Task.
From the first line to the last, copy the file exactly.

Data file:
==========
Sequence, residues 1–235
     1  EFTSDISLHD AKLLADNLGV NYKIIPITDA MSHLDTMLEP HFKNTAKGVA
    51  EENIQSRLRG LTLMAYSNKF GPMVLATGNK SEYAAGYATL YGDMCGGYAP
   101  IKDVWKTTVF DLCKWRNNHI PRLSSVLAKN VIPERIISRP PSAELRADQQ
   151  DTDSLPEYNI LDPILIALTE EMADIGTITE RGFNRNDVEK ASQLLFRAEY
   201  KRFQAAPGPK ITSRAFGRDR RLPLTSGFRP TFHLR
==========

Sequence, residues 1–235
     1  EFTSDISLHD AKLLADNLGV NYKIIPITDA MSHLDTMLEP HFKNTAKGVA
    51  EENIQSRLRG LTLMAYSNKF GPMVLATGNK SEYAAGYATL YGDMCGGYAP
   101  IKDVWKTTVF DLCKWRNNHI PRLSSVLAKN VIPERIISRP PSAELRADQQ
   151  DTDSLPEYNI LDPILIALTE EMADIGTITE RGFNRNDVEK ASQLLFRAEY
   201  KRFQAAPGPK ITSRAFGRDR RLPLTSGFRP TFHLR